|By O'Malley, Chris|
Most bankers already know that this generation, born between roughly 1980 and 2000, is tech-savvy. Thus, banks have spent billions on online banking products, and millennials like Branch have noticed.
"The ease of doing my day-to-day banking via the [bank's] app on my iPhone is very pleasing to me," said Branch, of Scheetz Century 21.
But it's not as simple as just rolling out new technology.
Various studies and surveys show millennials often distrust banks and represent a higher portion of the unbanked population.
The creative agency Scratch, a unit of
Millennials are more likely to use non-traditional banking products such as preloaded debit cards issued by retailers, and they often research financial products more intensively than older-consumers.
And while millennials don't hang out in branches, as did their elders, and may even open accounts online, they still expect a good experience when they do have face-to-face encounters at the branch.
It might be tempting for banks to just ignore millennials at the moment. After all, that bigger generation known as the baby boomers is at its peak earnings potential and ripe for buying lucrative wealth-management products and services.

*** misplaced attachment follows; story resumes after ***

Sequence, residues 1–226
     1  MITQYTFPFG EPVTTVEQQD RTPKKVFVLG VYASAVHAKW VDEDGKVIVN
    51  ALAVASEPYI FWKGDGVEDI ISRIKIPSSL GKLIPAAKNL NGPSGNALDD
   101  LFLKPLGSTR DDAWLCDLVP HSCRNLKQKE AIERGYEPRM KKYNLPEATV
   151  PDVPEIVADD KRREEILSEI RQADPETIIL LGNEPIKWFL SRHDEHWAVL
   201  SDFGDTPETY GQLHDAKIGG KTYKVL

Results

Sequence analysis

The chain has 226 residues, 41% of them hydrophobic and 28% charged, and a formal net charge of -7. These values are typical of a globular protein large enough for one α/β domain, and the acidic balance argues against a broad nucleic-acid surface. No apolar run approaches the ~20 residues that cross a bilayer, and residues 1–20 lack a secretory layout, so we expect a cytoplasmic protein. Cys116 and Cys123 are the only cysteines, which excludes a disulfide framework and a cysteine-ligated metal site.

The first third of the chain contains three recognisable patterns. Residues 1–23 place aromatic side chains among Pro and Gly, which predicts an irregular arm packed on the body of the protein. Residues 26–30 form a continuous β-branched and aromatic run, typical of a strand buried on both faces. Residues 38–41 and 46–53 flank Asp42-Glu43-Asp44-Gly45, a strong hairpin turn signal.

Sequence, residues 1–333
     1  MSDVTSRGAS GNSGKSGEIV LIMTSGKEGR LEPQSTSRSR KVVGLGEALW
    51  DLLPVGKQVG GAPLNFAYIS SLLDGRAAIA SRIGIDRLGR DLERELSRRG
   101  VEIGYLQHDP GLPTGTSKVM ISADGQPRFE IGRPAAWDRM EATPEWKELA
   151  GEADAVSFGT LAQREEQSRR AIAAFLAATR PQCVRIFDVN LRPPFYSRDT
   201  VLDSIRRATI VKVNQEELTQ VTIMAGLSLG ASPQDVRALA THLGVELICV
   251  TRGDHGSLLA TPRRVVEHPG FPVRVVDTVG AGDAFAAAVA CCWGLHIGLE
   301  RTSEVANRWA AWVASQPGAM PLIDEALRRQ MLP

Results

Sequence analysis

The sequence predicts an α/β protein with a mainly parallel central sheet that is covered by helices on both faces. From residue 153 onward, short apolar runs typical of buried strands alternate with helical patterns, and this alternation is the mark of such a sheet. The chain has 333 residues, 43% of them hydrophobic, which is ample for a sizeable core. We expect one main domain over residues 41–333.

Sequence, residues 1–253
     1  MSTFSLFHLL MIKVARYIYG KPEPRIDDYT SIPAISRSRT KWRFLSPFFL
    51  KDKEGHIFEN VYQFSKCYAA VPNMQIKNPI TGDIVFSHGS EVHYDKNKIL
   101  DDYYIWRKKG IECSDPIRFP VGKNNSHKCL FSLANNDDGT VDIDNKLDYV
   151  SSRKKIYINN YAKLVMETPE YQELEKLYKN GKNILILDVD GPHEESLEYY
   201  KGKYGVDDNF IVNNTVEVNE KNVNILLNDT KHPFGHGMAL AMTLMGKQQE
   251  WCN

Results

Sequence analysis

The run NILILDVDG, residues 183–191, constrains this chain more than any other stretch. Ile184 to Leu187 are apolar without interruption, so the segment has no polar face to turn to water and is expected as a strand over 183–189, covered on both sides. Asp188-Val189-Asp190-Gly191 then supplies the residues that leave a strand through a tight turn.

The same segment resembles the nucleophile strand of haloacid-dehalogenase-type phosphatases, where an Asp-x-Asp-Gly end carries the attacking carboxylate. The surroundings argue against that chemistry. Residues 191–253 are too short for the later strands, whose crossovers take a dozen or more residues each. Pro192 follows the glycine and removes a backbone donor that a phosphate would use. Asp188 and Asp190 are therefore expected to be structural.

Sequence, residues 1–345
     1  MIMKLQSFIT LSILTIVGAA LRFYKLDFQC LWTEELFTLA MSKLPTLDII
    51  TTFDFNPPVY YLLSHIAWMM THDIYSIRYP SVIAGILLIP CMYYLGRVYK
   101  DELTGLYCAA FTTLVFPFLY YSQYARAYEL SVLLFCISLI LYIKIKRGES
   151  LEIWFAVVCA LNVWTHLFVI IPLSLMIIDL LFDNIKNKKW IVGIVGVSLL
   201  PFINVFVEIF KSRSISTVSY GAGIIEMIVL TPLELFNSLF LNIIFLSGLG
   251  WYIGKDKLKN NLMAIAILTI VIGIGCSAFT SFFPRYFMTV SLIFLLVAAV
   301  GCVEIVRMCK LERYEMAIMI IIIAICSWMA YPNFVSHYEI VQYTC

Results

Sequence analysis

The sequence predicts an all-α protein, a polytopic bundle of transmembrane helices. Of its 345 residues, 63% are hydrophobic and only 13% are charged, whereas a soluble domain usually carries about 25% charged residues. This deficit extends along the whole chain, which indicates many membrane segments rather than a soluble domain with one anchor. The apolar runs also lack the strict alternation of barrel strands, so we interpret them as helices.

Boomers earn trillions of dollars annually. Adolescents and young adults earn an estimated
But by 2018, millennials' annual earnings could soar to
"It means that the banks need to be more innovative to attract customers," said
"The millennial generation is an interesting one. They actually are creating the trends, in a sense, that businesses are trying to follow."
And one trend popularized and demanded by the generation is an obsession with connectivity.
Some 96 percent of 18- to 24-year-olds polled this year for
That's a greater percentage than those who considered a toothbrush indispensable (93 percent) and - hold your nose - more than those who considered deodorant important (90 percent).
So it follows that this attachment to mobile devices has raised millennials' expectations from their banks. That ranges from online banking to depositing checks via the cell phone to text-based alerts about fund balances.
The BOA study also found four in five millennials use mobile banking apps to access their accounts at least once a week. Most times (81 percent) they did so to check balances, followed by transferring money (49 percent) and to pay bills (48 percent).